International Journal of Health and Allied Sciences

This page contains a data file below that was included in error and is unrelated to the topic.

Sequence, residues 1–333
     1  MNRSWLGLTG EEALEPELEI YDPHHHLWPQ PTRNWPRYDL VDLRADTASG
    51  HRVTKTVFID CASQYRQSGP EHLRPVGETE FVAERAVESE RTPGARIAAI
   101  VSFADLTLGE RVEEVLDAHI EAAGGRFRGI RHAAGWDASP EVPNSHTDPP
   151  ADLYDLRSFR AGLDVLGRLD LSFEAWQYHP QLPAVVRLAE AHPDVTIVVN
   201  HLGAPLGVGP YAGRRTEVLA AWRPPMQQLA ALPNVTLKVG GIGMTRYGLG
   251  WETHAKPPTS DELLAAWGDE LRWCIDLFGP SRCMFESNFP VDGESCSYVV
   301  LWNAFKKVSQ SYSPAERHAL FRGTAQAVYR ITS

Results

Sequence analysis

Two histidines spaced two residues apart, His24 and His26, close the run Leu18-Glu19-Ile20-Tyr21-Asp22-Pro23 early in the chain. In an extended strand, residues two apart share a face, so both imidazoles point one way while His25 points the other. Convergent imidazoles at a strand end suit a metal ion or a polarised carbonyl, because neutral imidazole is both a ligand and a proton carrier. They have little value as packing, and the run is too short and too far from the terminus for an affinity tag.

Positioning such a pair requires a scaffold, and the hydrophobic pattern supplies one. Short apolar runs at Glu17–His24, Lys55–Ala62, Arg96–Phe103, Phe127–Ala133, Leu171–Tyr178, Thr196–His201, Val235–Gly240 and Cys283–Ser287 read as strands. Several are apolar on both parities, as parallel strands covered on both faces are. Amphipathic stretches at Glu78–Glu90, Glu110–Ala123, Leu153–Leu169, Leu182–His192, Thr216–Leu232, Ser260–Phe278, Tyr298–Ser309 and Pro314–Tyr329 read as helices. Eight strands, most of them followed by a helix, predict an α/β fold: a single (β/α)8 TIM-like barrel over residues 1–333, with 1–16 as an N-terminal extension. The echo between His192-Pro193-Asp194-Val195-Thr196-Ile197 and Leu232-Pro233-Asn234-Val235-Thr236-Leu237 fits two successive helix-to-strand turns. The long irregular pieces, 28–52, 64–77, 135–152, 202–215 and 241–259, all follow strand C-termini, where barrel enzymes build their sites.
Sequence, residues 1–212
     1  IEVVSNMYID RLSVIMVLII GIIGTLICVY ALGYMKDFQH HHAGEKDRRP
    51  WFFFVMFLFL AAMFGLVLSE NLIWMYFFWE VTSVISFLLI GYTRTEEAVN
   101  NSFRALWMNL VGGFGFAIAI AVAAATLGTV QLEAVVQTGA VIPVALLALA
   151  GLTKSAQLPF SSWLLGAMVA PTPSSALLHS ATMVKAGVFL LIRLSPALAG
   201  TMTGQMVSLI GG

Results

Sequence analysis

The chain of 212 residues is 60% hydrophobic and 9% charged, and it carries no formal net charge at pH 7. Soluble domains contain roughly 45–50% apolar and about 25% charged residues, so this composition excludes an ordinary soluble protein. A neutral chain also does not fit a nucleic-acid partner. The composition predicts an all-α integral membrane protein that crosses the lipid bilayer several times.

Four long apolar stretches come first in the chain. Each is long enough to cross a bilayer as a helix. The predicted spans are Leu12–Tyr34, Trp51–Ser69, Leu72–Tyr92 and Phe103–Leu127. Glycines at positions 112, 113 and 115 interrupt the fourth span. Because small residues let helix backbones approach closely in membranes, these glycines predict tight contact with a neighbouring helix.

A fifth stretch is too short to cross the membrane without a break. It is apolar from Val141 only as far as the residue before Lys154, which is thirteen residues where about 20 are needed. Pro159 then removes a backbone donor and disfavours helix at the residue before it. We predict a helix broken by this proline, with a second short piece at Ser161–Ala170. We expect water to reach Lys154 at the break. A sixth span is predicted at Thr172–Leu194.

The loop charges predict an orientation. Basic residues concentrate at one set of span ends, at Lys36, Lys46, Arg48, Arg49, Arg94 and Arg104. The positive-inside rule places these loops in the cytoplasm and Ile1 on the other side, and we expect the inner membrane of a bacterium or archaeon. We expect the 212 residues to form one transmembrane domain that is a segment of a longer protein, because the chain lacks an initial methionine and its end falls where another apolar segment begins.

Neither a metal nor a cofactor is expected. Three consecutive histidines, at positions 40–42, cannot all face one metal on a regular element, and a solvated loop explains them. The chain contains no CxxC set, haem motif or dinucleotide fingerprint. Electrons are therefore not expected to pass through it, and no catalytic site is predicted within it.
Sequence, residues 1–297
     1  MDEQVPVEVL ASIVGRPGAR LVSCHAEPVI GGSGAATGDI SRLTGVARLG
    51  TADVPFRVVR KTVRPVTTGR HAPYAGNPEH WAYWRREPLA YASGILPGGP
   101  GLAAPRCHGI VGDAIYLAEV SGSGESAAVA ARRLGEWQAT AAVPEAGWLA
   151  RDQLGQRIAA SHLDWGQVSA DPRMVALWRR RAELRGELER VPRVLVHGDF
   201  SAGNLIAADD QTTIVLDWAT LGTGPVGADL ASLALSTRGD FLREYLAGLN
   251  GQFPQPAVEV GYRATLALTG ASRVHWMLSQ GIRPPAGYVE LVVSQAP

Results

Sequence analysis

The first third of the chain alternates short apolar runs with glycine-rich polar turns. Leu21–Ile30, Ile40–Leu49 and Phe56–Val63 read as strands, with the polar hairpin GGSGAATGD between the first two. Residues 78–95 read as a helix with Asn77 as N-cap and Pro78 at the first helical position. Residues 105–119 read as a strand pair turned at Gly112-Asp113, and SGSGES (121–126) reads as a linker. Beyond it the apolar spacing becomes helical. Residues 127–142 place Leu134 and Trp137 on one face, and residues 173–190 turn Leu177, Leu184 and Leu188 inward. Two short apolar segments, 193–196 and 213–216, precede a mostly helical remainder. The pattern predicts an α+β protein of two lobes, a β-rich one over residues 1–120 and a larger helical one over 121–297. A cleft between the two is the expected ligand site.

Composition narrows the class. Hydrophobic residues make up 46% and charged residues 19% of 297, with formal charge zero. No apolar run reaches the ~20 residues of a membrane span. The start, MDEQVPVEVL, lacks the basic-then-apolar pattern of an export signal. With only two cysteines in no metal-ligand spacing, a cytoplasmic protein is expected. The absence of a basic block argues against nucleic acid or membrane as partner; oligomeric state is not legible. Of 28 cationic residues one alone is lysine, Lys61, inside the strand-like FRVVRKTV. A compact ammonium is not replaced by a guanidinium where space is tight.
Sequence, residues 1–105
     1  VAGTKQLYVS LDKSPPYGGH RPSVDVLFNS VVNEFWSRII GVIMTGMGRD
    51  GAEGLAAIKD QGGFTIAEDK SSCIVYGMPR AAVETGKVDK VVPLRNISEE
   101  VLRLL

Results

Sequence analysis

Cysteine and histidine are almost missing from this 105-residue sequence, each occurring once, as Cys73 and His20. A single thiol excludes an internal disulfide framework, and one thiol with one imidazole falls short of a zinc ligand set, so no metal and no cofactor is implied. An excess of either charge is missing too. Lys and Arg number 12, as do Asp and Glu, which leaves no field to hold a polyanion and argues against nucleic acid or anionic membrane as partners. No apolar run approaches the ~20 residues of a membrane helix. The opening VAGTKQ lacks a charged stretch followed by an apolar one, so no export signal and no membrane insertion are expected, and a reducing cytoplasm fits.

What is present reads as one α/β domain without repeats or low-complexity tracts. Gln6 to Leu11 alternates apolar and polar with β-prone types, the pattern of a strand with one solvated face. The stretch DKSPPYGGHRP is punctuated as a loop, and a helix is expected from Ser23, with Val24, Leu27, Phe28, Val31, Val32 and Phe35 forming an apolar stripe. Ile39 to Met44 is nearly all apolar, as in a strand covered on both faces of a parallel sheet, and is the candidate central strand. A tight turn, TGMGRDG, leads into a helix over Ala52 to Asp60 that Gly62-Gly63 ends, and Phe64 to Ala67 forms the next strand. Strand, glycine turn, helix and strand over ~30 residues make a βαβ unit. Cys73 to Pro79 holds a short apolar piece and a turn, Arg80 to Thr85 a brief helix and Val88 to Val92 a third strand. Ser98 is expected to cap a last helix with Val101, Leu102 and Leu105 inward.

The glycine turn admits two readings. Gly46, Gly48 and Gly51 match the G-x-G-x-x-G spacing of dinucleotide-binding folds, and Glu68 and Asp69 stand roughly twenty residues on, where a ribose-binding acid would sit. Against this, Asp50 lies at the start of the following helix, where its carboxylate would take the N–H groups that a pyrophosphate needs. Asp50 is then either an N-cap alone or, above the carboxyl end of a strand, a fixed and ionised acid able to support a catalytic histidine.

Background: Knowledge about hemoglobinopathies in the general public is unsatisfactory. Many couples are unaware of their carrier status and a child can be born with unexpected, serious hemoglobinopathies. Willingness to participate in screening programs can substantially help in bringing down the birth of children affected with hemoglobinopathies. To understand the knowledge, attitude, and perception of the general public on various hemoglobinopathies and their pregnancy outcomes we performed a questionnaire-based descriptive survey. Methods: After obtaining approval from the institutional ethics committee and validation by an expert panel we circulated a Google form consisting of 21 questions via WhatsApp which was made available for 3 months. Efforts were made to collect as many responses as possible. The responses were extracted onto a Microsoft Excel sheet and analyzed. Results: It was observed that though the majority of the population from various sectors of India agreed on the importance of early detection, only about 75.5% would consider signing up for screening themselves. Around 33.6% percent of the participants had not even heard about hemoglobinopathies and about 92.7% of the participants felt the need for the availability of more easily accessible information on the topic. Conclusion: The study concludes that there is a need for more awareness programs among the general public as well as better access to information on hemoglobinopathies so that the implications of being affected are clearly understood, and strategies for prevention by timely screening can be strengthened.